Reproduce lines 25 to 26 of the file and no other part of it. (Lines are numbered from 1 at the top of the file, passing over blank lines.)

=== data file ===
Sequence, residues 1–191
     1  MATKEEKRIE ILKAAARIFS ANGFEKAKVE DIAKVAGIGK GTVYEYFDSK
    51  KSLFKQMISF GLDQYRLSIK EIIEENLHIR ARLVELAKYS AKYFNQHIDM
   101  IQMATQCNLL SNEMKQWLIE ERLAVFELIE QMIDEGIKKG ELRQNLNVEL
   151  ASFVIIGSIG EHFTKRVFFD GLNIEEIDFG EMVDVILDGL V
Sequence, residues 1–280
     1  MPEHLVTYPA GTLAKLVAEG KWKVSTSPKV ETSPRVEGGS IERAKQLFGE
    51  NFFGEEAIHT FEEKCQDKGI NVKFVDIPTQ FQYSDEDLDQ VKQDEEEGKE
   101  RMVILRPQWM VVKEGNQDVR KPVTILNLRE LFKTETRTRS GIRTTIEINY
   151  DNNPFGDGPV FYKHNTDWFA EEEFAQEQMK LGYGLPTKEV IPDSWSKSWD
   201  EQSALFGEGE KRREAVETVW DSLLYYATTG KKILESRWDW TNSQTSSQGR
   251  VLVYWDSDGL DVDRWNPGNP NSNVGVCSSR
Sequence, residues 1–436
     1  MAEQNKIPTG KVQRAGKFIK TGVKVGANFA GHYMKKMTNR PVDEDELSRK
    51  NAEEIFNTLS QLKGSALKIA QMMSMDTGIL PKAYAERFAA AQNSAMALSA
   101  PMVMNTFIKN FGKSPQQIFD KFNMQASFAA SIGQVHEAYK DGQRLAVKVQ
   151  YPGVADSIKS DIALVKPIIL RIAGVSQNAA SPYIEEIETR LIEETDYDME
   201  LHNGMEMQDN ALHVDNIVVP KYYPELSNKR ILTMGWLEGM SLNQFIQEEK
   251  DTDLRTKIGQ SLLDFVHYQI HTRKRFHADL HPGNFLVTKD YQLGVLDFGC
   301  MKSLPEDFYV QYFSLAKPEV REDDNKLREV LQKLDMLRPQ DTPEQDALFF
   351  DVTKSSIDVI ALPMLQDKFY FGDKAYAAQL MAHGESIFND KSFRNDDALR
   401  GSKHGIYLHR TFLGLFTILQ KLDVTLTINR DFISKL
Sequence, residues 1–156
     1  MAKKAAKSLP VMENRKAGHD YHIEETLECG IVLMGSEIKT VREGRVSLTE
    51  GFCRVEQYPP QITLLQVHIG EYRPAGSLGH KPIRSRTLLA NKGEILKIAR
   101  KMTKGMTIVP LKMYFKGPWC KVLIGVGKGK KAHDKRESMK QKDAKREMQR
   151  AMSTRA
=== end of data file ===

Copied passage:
    51  GFCRVEQYPP QITLLQVHIG EYRPAGSLGH KPIRSRTLLA NKGEILKIAR
   101  KMTKGMTIVP LKMYFKGPWC KVLIGVGKGK KAHDKRESMK QKDAKREMQR